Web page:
“We thought we were prepared,” Mayor Enrique A. Cabos says, of the days leading up to Super Typhoon Yolanda.
“We’re used to typhoons. We know the feel of them, and how the surrounding ares begin to look as they arrive.”
Yet on November 8, 2013, the weather was fine and clear. “So from our experiences, we simply thought it would not come.”
A typhoon, unexpected
By some estimates, some 97% of the municipality of Mercedes was destroyed by Typhoon Yolanda. “Even the doors of buildings!” the Mayor exclaims. “We have no idea where Yolanda carried them to.”
Six days later, all the barangays in the municipalities were again accessible. “I borrowed a back hoe from a mining firm and we cleared the roads. With it, we were able to begin our recovery.”
“But most of all, of course, we’re thankful that there were no casualties,” he adds.
Then and Now
During the disaster, the local municipal hall, particularly the second floor, was badly damaged. “When the roofing was blown off, our documents were all blown away. We could look up and see the rescue helicopters flying above us,” Nicolas C. Saucelo, a local administrative aide remembers. Heavy rains had also stripped the paint from the building’s interior walls.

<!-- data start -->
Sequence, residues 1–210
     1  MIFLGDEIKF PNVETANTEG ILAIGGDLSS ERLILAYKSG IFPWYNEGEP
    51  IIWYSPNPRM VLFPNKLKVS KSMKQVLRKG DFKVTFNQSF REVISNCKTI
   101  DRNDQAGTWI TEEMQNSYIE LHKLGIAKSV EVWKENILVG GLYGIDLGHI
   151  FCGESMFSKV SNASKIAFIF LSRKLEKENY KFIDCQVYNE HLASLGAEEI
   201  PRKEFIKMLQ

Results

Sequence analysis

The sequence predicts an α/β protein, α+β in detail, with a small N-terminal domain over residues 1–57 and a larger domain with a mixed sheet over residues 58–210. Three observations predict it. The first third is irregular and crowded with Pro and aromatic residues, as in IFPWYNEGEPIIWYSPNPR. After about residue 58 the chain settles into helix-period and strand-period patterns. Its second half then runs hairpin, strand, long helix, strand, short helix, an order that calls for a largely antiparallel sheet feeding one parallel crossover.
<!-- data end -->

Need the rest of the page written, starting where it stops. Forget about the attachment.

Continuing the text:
As recovery began, rehabilitation of the municipal hall was deemed a priority. “Since it is the seat of power, when people see it being repaired, it brings about a feeling that we’re returning to normal,” the Mayor explains. “It demonstrates that the government really strived and did its best to uplift the lives of the victims after Yolanda.”
Before Yolanda, the municipal building had at times felt like a hotel, separated into closed-off sections. With support from RAY DILG funds, these partitions were later changed to glass.
“We’re now more visible to our clients and to other employees,” Nicolas says. “Our office really improved since, and now we are more inspired and eager to work. It’s more convenient for us to cater to our clients,” he added.